What’s a curator to do?

In the comments on yesterday’s entry about the museum raids, I noted that it was virtually impossible for a substantial collection in the United States to be built quickly out of provenanced antiquities because the demand far outstrips legitimate supply. Clutch asked:

So, are all the graduates of curating/gallery studies/museum studies doomed to careers of self-deception or outright fraud? Do you think anything can be done? If the legal/moral supply really is too small, and the demand is large, it strikes me that a “War on Drugs” approach of occasional prosecutions will work no better than… well, the War on Drugs. Do you see a practical course of action that could help?

Assuming the curator wants to work in the North America, there are two approaches I can think of which could help de-loot the system: 1) buy local, and 2) pursue long-term loans and travelling exhibits.

The lust for classical or exotic fureign antiquities seems to me a vestige of the Gilded Age parvenue attitude that prestige and class can be bought. Nowadays, there are all kinds of museums with a more narrow focus on local history.

There’s still a huge traffic in looted local antiquities, mind you, especially Native American and Civil War, but it would be easier to trace the provenance on such pieces and most importantly, to team up with legitimate archaeological excavations and arrange the display of their finds.

The money, though, is in long-term loans and travelling exhibits. This would work both with local antiquities under the control of government agencies (national parks, for instance) and tribal governments, and with other countries’ antiquities.

There are already established loan mechanisms between museums, and many countries with a surfeit of antiquities would doubtless be glad to negotiate long-term loans of stuff they have in storage or can ill-afford to preserve.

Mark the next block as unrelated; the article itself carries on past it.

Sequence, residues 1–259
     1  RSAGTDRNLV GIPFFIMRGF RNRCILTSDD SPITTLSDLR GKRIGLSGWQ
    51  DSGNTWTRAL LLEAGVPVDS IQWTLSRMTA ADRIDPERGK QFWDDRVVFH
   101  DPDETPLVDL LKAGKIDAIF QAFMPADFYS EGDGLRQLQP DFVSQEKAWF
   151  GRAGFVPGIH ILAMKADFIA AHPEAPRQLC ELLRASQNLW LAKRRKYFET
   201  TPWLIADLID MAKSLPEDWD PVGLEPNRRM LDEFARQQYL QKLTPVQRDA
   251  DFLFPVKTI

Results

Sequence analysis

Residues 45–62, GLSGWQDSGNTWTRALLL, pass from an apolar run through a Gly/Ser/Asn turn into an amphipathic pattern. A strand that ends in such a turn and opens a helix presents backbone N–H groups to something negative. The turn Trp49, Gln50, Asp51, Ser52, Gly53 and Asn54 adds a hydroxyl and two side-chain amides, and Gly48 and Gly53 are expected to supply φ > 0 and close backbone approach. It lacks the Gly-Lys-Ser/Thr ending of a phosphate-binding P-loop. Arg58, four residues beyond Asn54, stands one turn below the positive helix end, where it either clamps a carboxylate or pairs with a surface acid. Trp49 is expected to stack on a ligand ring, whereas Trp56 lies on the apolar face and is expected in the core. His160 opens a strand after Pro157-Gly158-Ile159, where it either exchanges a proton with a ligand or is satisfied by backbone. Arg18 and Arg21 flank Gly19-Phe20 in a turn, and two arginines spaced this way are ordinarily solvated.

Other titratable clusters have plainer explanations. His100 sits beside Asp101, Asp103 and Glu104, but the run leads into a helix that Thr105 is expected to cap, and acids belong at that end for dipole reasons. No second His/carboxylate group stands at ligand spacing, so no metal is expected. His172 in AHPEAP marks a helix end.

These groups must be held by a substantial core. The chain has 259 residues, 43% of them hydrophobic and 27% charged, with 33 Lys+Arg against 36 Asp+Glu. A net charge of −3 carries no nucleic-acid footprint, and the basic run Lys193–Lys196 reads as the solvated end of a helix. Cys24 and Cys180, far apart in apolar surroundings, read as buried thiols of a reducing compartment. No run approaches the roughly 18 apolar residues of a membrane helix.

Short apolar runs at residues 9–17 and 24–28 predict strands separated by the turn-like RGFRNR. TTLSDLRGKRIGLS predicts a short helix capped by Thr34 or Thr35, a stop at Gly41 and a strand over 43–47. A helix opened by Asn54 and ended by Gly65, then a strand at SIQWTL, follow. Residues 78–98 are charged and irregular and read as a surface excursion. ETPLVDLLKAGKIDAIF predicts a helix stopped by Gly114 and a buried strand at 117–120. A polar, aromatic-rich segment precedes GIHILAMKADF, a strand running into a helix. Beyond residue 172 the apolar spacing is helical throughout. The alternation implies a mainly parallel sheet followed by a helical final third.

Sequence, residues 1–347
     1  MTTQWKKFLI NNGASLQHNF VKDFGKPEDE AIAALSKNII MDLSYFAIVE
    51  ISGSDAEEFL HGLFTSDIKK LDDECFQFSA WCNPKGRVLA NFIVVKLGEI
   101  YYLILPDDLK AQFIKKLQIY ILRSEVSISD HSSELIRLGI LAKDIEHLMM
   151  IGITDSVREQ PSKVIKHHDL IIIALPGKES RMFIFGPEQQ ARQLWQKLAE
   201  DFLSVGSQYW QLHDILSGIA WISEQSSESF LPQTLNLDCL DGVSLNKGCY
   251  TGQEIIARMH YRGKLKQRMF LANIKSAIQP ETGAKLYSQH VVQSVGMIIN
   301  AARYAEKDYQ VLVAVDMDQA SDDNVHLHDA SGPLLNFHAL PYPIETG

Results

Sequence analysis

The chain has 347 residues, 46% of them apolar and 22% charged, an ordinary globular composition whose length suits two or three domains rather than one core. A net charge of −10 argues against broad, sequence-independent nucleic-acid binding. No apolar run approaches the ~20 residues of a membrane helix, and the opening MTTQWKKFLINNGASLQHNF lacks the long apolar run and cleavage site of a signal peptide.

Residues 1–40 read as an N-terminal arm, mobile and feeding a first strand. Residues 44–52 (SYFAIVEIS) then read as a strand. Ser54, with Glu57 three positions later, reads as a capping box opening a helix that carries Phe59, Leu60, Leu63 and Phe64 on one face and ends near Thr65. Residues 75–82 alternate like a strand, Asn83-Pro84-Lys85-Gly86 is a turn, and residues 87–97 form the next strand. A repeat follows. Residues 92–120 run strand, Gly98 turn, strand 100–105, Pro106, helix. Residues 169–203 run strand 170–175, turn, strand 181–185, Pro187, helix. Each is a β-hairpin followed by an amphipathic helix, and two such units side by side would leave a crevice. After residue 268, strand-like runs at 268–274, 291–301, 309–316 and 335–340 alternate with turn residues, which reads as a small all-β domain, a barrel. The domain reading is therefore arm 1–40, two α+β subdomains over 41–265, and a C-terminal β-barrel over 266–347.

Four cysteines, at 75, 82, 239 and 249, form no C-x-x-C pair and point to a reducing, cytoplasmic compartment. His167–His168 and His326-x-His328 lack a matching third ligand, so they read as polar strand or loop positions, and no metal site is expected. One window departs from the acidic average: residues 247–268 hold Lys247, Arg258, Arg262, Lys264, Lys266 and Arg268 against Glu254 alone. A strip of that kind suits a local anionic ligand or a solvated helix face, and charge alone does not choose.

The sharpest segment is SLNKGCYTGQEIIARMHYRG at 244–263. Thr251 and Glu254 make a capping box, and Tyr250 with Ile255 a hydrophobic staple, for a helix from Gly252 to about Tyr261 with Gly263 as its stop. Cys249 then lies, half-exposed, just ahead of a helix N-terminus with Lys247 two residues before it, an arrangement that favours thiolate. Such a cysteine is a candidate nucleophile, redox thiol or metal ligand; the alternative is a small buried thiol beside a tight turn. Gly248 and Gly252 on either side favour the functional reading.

First there needs to be a serious culture shift, however. As things stand, curators and the collector class who populate museum boards have been more than content to rationalize their wallowing in the loot trade sty. The froo-froo talk about antiquities “belonging to the world” or worse, the patronizing “we can take care of it better than they can” excuses for trafficking in goods stolen at massive cost in site destruction and even human life, have to stop.


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Comment by Clutch
2008-01-25 17:25:30

Wonderfully said. Thank you.

:notworthy: :chicken: :love:

Comment by livius drusus
2008-01-25 17:47:38

Thank you for asking. (And for the :chicken: )

Comment by Tiffany
2008-01-25 19:02:51

Oh, I read on Google Reader pretty much every day or so. This is a truly global issue. You might not know, liv, but the state park museum at Kolomoki State Park in south Georgia was itself looted of some of its most interesting artifacts in 1974. Most have not been recovered, but you can learn more about it (PS If I screwed up the link tags, sorry!)

Comment by livius drusus
2008-01-25 19:24:26

I didn’t know about the Kolomoki looting, but I’m sadly not surprised. :(

Thank you for the link. I’m collecting looting stories for a blog entry dedicated to what “looting” actually means in concrete terms.

Comment by P-dub
2008-01-26 04:44:03

Here in Washington state on the Makah reservation they built a museum from a local dig. It is quite fascinating and everything to do with the indigenous people who still inhabit the land. You may have heard the controversy over them being allowed to hunt whale as part of their culture and was granted the right.

Comment by livius drusus
2008-01-26 09:27:38

Oh yes, I have heard about the whale hunt controversy. I hadn’t heard about the museum and dig, though. That’s exactly the kind of collaboration we need to see more of to fight the looting beast.

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